The seafood here is always good; this was gloriously fresh. The shellfish, steamed gently, tasted of the sea, and the prawns were sweet and tender. It’s always good to find a whelk that’s not gritty or slimy, and these whelks accomplished that with aplomb. Grated egg yolk and white garnished the crab, and my, those little clams were a thing of beauty. Remarkably, I nearly managed to finish this; I left about five prawns, a couple of mussels, a whelk and some of the crab’s brown meat. Nearly 24 hours have passed, and I’m still full.

If you’re in the UK and looking for a weekend away, or if you’re visiting England from abroad, do think about spending a couple of days at the George. There’s nowhere I know that serves up that mixture of tradition, service and comfort quite as well. Ask for the kippers as part of your enormous breakfast, and tell them I sent you.

Puff-pastry tomato tart

Alert readers will have gathered that I am currently drowning in tomatoes, and that yesterday’s promised recipe for the other half of a packet of puff pastry was bound to include them. You’re right – today it’s tomato tart. If, as a friend I was talking to tonight does, you have a vegetarian to entertain, you’ll find this little tart really pretty, delicious and very quick and easy to prepare.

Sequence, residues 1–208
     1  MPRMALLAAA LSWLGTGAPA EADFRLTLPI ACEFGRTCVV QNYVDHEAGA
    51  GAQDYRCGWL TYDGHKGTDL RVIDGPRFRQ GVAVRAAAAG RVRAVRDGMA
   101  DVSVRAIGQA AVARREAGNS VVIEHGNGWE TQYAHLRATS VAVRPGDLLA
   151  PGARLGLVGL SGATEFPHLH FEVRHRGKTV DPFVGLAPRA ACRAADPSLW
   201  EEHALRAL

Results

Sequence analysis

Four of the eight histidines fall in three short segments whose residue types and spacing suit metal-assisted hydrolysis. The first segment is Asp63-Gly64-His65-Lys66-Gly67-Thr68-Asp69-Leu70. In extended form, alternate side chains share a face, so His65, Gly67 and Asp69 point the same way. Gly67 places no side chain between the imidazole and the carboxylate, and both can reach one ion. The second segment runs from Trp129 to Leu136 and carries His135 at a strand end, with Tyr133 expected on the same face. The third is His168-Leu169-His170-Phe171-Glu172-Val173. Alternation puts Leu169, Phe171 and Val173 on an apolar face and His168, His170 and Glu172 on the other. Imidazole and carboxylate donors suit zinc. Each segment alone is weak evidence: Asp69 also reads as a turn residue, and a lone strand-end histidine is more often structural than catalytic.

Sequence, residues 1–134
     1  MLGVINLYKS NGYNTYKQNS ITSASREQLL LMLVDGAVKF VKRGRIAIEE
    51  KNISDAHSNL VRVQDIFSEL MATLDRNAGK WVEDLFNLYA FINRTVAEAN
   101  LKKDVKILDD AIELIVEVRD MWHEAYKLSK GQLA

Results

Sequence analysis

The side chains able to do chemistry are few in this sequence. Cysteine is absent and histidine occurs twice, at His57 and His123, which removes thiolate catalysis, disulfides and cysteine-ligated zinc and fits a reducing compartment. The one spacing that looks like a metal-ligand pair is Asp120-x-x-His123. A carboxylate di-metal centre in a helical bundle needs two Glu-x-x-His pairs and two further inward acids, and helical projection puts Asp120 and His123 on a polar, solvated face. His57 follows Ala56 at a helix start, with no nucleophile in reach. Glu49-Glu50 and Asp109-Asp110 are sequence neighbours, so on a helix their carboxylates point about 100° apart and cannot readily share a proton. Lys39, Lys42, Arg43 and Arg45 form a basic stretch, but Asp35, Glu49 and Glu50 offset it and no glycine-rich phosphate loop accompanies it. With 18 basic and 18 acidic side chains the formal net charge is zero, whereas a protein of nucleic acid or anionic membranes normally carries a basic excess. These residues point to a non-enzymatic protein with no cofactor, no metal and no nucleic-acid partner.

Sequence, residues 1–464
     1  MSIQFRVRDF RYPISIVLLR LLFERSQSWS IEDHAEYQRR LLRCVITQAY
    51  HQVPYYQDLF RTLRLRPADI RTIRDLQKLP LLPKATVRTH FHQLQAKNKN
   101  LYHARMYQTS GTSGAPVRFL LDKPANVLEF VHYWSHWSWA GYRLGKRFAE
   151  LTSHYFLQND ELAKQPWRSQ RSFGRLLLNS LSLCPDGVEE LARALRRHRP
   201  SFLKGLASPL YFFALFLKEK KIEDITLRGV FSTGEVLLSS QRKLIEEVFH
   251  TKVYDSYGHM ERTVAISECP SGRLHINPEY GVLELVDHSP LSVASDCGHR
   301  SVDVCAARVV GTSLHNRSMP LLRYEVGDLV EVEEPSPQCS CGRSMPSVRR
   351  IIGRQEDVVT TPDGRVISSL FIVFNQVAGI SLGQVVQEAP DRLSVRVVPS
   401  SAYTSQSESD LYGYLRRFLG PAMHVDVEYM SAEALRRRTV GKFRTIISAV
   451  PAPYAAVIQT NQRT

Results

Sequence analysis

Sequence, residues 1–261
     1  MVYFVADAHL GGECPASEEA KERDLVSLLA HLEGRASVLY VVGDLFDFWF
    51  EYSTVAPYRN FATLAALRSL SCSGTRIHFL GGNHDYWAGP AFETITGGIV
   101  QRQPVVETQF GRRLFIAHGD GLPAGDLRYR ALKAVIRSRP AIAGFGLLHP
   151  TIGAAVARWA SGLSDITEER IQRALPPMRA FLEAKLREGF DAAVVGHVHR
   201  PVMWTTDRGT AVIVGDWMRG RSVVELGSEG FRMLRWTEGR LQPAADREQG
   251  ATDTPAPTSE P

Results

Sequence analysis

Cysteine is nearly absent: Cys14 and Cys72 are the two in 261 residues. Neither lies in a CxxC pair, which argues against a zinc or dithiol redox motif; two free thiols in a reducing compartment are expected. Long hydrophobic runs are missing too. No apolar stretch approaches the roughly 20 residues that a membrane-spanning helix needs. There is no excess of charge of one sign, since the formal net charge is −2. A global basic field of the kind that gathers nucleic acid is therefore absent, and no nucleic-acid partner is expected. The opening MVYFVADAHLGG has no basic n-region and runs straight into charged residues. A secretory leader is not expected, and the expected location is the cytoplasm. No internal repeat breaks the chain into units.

I found this goat’s cheese (Picolive) something of a blessing; my original plan had been to stir a teaspoon of tapenade into the cheese, but this came with olive paste already sandwiched in the cheese. I bought two; it’s a very nice little cheese, and I’d like some for lunch on some crusty bread.

To serve one (again, multiply the amounts to serve more people, or serve alongside yesterday’s Pissaladiere), you’ll need:

½ sheet of puff pastry from the supermarket refrigerator cabinet
1 crottin of goat’s cheese
1 teaspoon tapenade
2 cloves garlic
10 small tomatoes (or to cover)
2 sprigs rosemary
Olive oil
Salt and pepper to taste

Score a centimetre from each edge of the pastry rectangle to form a crusty border which will puff up when you cook it. Use a fork to prick holes in the inner rectangle so it doesn’t rise.

Mix the tapenade and two grated cloves of garlic with the goat’s cheese, and spread it on the inner rectangle of pastry. Slice the tomatoes and arrange them in overlapping layers on top of the cheese. Top with the rosemary, season and bake at 200° C for 20-25 minutes, until brown and puffy. The tomatoes will be sweet and juicy, the cheese toothsome and the pastry crisp. It’s almost enough to make you swear off meat.

Pissaladiere – French onion tart

We’re going to the Côte d’Azur later in September, where we’ve rented a big manor house with a gaggle of friends. I’m looking forward to the cooking – I’ve missed French market and supermarket produce since Dr Weasel and I left Paris to live in the UK again a few years ago.